The three Americas of the Chinese imagination

Will China’s admiration of the US triumph over its antagonism?
November 14, 2013

Three different pictures of America have dominated the Chinese imagination over the past 40 years. First there was the Mao-era view of the United States as a weak nation with imperialist pretensions. Later, during the Deng Xiaoping-era, came the image of the US as a democratic model to be emulated.

The third view of America emerged at the end of the 20th century and still prevails. The contradictions within this view have a significant influence on relations between the world’s leading powers. In China today, there are two diametrically opposite attitudes to America. Mao-era resistance to US hegemony and the Deng-era aspiration to American democratic freedoms have become locked in a rancourous debate.

This argument is not only about the US, it reflects broader discussions taking place within China about the country’s future. But to understand the significance of these debates, we need to look back to 1978.

That December, the Third Plenum of the Chinese Communist Party’s 11th Congress marked the end of the era of Mao and the beginning of the era of Deng Xiaoping. Two years after Mao’s death, Deng used this meeting to make it known that China was now under his control. Ten days later, on the 1st of January, 1979, China and the US formally established diplomatic relations. And on the 29th of that same month Deng, then Vice-Premier but in effect China’s paramount leader, began an official visit to the US at the invitation of President Jimmy Carter. A succession of “three Americas” sums up the Chinese public’s changing views of the US during the 34 years since then.

The first America was a hangover from the Mao era. America was an imperialist nation that oppressed its own people, and people all over the world. America was a paper tiger, and if it were ever to launch a war against China it would be doomed to defeat. China, with the world’s biggest population, was invincible.

In those days we Chinese thought of war very much like a brawl: whichever side had more people was bound to win. If we went to war with America, there would be six of us for every one of them and it would be easy for us to beat them silly.

I grew up during the Cultural Revolution. My parents being doctors, we were considered reasonably well off, for we could enjoy meat dishes once or twice a month, whereas many families were lucky if they ate meat once a year. Even so, I would feel awful every time I thought of the American people: poor things, in the winter they had no padded jackets to wear and in the summer were reduced to ragged shorts and tattered vests; they never had enough to eat and were hungry all the time.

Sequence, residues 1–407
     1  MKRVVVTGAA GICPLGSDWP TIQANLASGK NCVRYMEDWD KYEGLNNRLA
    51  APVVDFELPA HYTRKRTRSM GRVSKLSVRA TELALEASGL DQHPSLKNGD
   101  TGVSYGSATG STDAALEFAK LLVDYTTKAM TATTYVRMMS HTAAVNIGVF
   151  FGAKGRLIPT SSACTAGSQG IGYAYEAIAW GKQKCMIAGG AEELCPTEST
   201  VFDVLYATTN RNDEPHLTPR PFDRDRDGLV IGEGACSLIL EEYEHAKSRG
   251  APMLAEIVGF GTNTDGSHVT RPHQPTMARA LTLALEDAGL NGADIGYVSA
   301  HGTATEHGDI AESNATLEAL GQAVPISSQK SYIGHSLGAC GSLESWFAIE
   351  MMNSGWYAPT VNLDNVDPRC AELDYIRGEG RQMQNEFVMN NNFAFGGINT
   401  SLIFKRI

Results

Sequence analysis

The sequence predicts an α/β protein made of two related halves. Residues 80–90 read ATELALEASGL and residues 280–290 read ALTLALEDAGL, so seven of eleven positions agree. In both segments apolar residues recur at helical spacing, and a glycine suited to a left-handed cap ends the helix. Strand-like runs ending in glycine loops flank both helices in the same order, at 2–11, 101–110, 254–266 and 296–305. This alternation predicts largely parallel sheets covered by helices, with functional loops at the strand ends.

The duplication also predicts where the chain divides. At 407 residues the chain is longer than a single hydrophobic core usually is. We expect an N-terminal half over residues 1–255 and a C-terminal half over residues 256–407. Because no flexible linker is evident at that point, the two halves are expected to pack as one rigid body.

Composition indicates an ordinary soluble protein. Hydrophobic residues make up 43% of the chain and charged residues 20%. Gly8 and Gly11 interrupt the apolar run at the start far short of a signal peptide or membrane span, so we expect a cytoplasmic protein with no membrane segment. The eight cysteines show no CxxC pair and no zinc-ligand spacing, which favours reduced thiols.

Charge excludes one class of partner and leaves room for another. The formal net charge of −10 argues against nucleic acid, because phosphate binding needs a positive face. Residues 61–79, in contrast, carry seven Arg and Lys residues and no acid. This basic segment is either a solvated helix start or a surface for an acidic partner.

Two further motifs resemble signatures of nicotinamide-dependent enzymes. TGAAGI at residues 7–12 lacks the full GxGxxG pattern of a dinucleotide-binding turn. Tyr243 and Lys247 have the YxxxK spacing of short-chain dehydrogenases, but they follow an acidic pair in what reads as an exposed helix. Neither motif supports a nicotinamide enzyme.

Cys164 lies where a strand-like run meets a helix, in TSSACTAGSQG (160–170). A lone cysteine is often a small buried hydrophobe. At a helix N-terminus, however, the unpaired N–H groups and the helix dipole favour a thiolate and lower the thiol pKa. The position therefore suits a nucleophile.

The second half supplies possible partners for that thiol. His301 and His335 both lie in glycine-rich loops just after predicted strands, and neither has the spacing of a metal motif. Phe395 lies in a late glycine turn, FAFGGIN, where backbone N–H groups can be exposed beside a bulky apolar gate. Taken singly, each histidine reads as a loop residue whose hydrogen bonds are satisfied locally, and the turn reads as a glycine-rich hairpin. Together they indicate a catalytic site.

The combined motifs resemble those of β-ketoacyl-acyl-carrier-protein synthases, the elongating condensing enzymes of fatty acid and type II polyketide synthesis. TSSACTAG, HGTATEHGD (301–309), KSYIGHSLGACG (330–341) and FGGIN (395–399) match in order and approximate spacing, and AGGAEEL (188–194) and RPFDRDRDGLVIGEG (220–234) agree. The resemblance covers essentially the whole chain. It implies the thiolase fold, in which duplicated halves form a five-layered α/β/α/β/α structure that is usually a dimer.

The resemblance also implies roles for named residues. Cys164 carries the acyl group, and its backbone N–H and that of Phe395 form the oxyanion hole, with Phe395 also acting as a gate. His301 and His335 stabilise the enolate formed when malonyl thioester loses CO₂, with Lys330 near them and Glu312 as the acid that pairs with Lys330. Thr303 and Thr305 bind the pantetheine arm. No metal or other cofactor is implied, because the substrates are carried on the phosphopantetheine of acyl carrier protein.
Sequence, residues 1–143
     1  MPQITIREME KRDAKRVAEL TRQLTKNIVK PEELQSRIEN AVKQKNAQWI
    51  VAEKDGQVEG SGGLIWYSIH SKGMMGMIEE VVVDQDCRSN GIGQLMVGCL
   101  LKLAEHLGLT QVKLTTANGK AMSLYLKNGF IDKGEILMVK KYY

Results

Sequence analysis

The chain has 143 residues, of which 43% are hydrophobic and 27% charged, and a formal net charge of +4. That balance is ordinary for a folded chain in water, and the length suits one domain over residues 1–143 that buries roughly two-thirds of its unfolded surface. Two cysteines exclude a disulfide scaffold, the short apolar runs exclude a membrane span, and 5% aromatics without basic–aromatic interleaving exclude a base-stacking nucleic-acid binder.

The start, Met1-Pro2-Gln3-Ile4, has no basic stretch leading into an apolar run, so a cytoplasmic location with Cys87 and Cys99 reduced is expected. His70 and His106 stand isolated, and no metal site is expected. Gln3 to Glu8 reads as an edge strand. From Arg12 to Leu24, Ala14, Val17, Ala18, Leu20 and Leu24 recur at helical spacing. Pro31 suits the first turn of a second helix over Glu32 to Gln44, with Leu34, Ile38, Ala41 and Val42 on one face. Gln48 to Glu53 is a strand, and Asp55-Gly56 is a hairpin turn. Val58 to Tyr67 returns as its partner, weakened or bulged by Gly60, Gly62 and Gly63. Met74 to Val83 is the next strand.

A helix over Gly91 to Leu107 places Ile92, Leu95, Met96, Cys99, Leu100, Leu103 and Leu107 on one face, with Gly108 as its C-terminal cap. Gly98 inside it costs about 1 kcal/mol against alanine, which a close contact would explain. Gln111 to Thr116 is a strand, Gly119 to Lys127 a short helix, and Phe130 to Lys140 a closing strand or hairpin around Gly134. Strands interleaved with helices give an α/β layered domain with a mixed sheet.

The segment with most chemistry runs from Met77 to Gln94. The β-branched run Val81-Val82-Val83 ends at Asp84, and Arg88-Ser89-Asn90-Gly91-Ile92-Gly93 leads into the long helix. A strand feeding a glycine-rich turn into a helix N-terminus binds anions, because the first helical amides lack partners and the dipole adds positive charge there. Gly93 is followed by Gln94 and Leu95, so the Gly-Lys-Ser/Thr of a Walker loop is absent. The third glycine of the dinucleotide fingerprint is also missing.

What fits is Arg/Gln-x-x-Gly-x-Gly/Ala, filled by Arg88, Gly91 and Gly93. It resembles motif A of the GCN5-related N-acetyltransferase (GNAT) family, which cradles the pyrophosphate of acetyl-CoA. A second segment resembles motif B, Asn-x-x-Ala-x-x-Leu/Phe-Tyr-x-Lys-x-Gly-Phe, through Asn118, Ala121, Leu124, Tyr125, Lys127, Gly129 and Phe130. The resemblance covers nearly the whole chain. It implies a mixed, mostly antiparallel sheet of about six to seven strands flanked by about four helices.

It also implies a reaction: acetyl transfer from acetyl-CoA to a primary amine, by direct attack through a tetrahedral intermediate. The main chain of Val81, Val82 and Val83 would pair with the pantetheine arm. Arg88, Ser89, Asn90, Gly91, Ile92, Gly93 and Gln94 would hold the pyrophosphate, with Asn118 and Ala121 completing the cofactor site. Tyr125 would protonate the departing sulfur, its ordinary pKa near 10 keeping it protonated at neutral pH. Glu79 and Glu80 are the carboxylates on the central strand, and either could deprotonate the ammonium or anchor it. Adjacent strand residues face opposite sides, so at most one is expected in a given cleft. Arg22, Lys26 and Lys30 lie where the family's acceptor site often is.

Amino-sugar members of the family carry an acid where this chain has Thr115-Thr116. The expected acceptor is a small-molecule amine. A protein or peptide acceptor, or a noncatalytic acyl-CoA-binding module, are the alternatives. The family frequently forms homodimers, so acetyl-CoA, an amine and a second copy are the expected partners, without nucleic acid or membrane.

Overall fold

As a young boy I imagined Americans to be beggars, tramping around the streets and importuning passers-by with a broken bowl in their hands. I dreamed of joining the People’s Liberation Army when I grew up and fighting my way across the Pacific to liberate them. I even imagined how, as I stepped onto American soil for the first time with my rifle slung over my back, the American people would welcome me and my comrades with tears streaming down their cheeks. Whenever I pictured this touching scene, tears would start streaming down my own cheeks.

This vision was somewhat undermined when I started watching films set during the Korean War. Every one of the Chinese soldiers in them was resourceful and courageous, in contrast to the dumb and cowardly American infantrymen, but the sight of GIs munching away on sausages made me drool—and not just me. I heard little gulps from all the adjacent seats as other movie-goers swallowed their saliva, too. It was a complete puzzle to me: with America mired in such terrible poverty, how could American soldiers be eating so damn well?

There was another scene that I’ll never forget—that of an old man walking the streets of our little town wearing a brown wool suit. It was the latter stages of the Cultural Revolution then, when I was in high school, and it was the first time I had ever seen a western-style suit, and the first time I had seen clothing made of such material. Whenever my classmates and I ran into him we would burst out laughing, for the cut of his suit struck us as totally outlandish and the fabric looked coarse and cheap. Later we heard that he had studied in America as a young man and brought this suit back with him. The message we got was that Americans dressed in sackcloth.